Around the time of her sister’s early death in 1910 (Philippa Sketchley, a teacher), Rose appears to have stopped publishing her articles, although she still gave her profession as 'art critic' in the 1939 census.

Art Collector

Rose was a collector and the Royal Academy archives list three letters from Rose in which she corresponds with George Clausen in 1921 and purchases some pictures from him. (The transcripts of these letters by the Royal Academy assume that 'R.E.D.' was male).

She was friends with Frank Rinder, an art critic for the Glasgow Herald. He commissioned a calligraphic lettering work for her in 1930. After Rose's death in 1949 her sister Christina donated a work by William Blake.

Final Years

Rose did not marry and lived with her mother until the latter’s death in 1925. By the early 1930s Rose had moved to a house in the Vale of Health which backed onto Hampstead Heath, London. Her immediate neighbours included the Portuguese actress and Suffragette Sime Seruya.

From around 1939 until her death in 1949 at the age of 74 Rose lived with her sister Christina in Fulham. Christina worked as a social worker (General Lying-In Hospital, a maternity hospital), and later was a Councillor for the Maternity and Child Welfare Committee. In 1939 she was appointed by the Lord Chancellor as a Justice of the Peace for the county of London. Christina's career culminated after Rose's death when she was honoured with an M.B.E. for her "political and public services" to Fulham in 1959. Also unmarried, she died in 1965.

List of Publications

(research in progress...)


Publication or Publisher


Alexander Smith, A Life Drama, City Poems



English Book Illustration of To-Day: Some Decorative Illustrators

The Library

January, 1902

English Book Illustration of To-Day: Some Open Air Illustrators

The Library

April 1902

English Book Illustration of To-Day: Some Character Illustrators

The Library

July 1902

English Book Illustration of To-Day: Some Children’s Books Illustrators

The Library

October 1902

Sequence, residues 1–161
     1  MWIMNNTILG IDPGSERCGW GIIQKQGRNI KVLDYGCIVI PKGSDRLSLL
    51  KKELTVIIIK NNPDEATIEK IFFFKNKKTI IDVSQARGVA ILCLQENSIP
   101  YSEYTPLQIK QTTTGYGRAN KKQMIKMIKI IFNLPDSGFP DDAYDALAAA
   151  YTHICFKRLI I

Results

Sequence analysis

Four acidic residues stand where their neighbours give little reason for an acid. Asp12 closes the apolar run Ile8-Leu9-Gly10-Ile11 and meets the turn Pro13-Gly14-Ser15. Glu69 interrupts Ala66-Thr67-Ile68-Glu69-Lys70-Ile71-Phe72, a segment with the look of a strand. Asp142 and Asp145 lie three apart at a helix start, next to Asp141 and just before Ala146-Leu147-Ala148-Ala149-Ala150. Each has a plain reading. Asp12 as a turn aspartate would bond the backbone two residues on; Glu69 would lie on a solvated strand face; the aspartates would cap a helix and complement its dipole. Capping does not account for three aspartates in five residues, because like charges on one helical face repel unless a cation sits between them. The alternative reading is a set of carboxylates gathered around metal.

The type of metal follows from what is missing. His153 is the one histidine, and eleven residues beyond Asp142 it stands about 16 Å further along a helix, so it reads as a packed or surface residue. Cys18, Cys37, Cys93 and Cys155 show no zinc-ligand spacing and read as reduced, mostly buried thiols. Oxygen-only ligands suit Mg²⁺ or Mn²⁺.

Coronation Weaving

The Art Journal

Coronation Number, June 1902

Some British Illustrators of the Bible. Blake's Illustrations of the Book of Job

The Art Journal


English Book Illustration of To-Day



Watts 'Little Books on Art'



The Royal School of Art Needlework

The Art Journal


Review of RA Winter exhibition (Frederick Sandys et al)

The Art Journal


Watts at Burlington House

The Art Journal

March 1905

Buckinghamshire Lace

The Art Journal

June 1905

Haslemere Arts and Crafts

The Art Journal


Something about Whistler

Kunst and Kunstler, v4


Book Bindings

The Art Journal


Metalwork and Jewellery

The Art Journal

June 1907

Students Arts and Crafts

The Art Journal

Sept 1907

Some Modern Embroideries

The Art Journal

November 1907

The Art of the Scribe

The Art Journal


Austin Osman Spare

The Art Journal


The Art of J.W. Waterhouse, R.A.

Art Annual (Special Number of The Art Journal)

Christmas 1909

Portraits by William Hogarth

The Art Journal


Mary Pownall: A Distinguished Woman Sculptor

The Art Journal


London Exhibitions

The Art Journal


Loan Exhibition

The Art Journal


Holbein as Goldsmith's Designer

The Art Journal

June 1910

‘Benedicite omnia opera’: three windows for Colmon Ell Church, by Louis Davis  

Art Journal?


2nd edition of Watts


Request for Information

If you have additional details about the life and work of Rose Sketchley, I'd love to hear from you.

J.W. Waterhouse's Rape of Persephone

Reproduced here is the full text of a presentation given by art historian and Waterhouse biographer Peter Trippi at the 2005 Annual Meeting of the College Art Association in Atlanta, Georgia (February 16-19, 2005). The presentation was part of a session chaired by Alicia Craig Faxon called The Pre-Raphaelites and the Mythic Image.